Sunday, 18 March 2012

Papillon on Pastelmat. A quick review.

As mentioned in previous posts I've decided to get back into pastel paintings and to that end, after a little research, decided to try out this Pastelmat paper. It arrived on Saturday morning and so I straight away began a small painting to try it out.

I should point out here that I am no expert regarding pastels, but not a complete novice. I've produced  a few fairly nice pieces before but only ever tried out a few different surfaces, mostly struggling along with Fabriano papers or Colorfix. The colorfix was good but had a few disadvantages because of it's rough surface, making it quite tricky to achieve sharply defined edges.

I didn't want to use a full sheet of Pastelmat for my first experience of this paper, after all at just under £5 a sheet (50 x 70cm) it's not cheap. So I cut a small piece about 8 x 9 inches to use for my first go. The picture I chose for reference is yet another from the Paint My Photo web site. It contains many elements upon which  I could practice several different techniques. Rough stone surfaces, hairs, sharp edges, fine lines, deep shadows and bright colours. For this piece I used the pale grey pastelmat and my set of Faber Castell Pitt pastel pencils.

My first thought upon taking it out of it's pack was that the surface was not at all what I had expected. From what I had read I thought it would have far more texture to it. Although it felt abrasive, there didn't appear to be very much tooth. I went ahead and sketched out my composition.

As soon as I touched my pastel pencil to the surface of the Pastelmat it seemed to grab the pigment and left a beautiful rich mark, you hardly have to use any pressure at all in fact a light touch is definitely required. I began by putting in the rocky pebbles one at a time. Blending with my fingers immediately pushed the pigment right into the surface and after two or three layers I had the effect I wanted and it was obvious to me that I could have added many more layers if I'd wanted to. This paper just grabs and holds the pigment. What's more there doesn't appear to be any excess or loose dust, so sealant is not required. That's a real advantage as sealant always seems to dull the colours right down normally.

I was also able to finish the surface of the stones with quite a bright white in places without it becoming too contaminated by the underlying layers. Excellent! Because the surface isn't too heavily textured, sharp edges don't appear to be a problem either. A bit of deft blending with a colour shaper followed by a final layer with a very finely sharpened pencil gave a good clean and sharp definition between differently coloured areas and also allowed for some very fine detailed marks on the pebble surfaces.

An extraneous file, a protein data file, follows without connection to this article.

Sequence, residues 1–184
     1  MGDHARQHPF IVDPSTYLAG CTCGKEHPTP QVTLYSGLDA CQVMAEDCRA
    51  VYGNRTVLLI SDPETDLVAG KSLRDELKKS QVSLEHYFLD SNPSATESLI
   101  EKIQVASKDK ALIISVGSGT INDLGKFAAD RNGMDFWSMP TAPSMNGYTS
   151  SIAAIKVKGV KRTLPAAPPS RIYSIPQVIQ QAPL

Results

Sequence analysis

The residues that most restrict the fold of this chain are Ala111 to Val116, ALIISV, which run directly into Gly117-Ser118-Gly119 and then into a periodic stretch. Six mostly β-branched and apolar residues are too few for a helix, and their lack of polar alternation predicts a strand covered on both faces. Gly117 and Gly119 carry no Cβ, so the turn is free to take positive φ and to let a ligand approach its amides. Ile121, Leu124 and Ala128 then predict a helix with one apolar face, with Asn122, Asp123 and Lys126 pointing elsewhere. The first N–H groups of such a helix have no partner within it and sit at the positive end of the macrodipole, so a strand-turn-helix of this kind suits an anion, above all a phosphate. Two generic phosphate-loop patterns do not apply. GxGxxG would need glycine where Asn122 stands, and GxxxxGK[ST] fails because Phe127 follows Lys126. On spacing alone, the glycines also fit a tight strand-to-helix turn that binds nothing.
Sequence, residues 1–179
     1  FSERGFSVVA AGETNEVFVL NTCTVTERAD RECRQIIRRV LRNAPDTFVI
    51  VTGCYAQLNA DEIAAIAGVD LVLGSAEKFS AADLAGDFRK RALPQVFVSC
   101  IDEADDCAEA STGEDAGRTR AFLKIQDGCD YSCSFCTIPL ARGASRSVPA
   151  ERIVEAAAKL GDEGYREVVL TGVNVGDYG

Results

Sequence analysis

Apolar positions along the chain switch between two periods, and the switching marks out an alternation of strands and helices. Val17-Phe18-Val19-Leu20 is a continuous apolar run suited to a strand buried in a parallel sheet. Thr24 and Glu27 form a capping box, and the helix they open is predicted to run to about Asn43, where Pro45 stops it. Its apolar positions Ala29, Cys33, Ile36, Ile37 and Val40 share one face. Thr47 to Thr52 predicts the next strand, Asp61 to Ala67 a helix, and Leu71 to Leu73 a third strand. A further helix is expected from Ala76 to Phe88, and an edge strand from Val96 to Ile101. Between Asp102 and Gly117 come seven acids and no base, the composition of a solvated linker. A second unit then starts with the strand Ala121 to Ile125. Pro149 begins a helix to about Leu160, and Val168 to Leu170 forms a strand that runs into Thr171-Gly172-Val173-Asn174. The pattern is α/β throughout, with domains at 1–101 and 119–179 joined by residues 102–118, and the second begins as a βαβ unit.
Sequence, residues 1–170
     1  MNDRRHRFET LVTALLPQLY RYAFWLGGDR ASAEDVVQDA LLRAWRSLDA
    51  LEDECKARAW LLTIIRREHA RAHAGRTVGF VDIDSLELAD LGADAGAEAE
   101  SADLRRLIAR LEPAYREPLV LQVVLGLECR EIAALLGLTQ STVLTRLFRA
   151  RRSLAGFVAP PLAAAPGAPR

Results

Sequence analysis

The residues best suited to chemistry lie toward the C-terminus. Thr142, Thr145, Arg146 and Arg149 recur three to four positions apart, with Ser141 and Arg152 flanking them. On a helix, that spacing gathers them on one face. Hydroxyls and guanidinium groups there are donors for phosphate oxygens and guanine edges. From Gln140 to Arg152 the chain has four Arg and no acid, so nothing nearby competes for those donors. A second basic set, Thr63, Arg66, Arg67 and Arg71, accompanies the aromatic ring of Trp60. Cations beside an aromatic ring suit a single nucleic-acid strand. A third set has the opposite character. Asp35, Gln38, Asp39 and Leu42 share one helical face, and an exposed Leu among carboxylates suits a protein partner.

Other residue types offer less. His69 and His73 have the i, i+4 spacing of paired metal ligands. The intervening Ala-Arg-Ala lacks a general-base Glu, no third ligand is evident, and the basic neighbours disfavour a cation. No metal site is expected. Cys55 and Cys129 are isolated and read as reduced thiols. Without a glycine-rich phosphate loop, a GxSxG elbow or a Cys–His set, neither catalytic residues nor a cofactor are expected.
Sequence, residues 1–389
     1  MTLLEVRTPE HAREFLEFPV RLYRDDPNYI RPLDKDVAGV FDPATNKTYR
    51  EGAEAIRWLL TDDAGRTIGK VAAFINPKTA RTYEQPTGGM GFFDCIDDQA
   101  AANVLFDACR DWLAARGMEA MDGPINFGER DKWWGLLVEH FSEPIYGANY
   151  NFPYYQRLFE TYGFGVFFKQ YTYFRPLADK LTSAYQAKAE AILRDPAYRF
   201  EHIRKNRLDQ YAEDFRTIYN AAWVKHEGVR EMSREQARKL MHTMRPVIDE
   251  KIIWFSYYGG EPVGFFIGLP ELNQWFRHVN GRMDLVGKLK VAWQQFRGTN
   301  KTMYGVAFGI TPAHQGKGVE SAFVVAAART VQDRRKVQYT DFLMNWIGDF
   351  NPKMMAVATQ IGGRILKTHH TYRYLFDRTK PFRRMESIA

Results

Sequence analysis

The bright colours on the butterfly went down very easily with no sign of the pale grey paper colouring showing through. It was easy to blend the yellow into the orange and likewise the brown. I made some light indentations with my stylus where the fine hairs were to go before laying down the brown. The using a finely sharpened yellow ochre pencil, the hairs were lightly added on top. The furry texture on the butterfly's back was quite simply achieved using several different colours and blending with a colour shaper.

Finally I wanted to test out the addition of a wet medium to finish off. I used a little yellow gouache spattered on with an old tooth brush. Also some light blue using a very fine paint  brush.

Job done! This little painting took me about 5 hours to complete from start to finish and to be honest I found it very easy to do. So with plenty of confidence in this Pastelmat paper, I'm looking forward to starting on a full sized piece in the near future.

3 comments:

Cate said...

Thanks for sharing.
i am learning so much from you !!
Thanks again :)

Photographs to Canvas said...

Nice post, this Pastelmat paper seems like a very easy to work with paper.

Keep up the technical info sharing posts, thanks :)

Ugo Paradiso said...

Wow..Peter had no idea to use the stylus pen on Pastelmat! Great info. Thank you for sharing.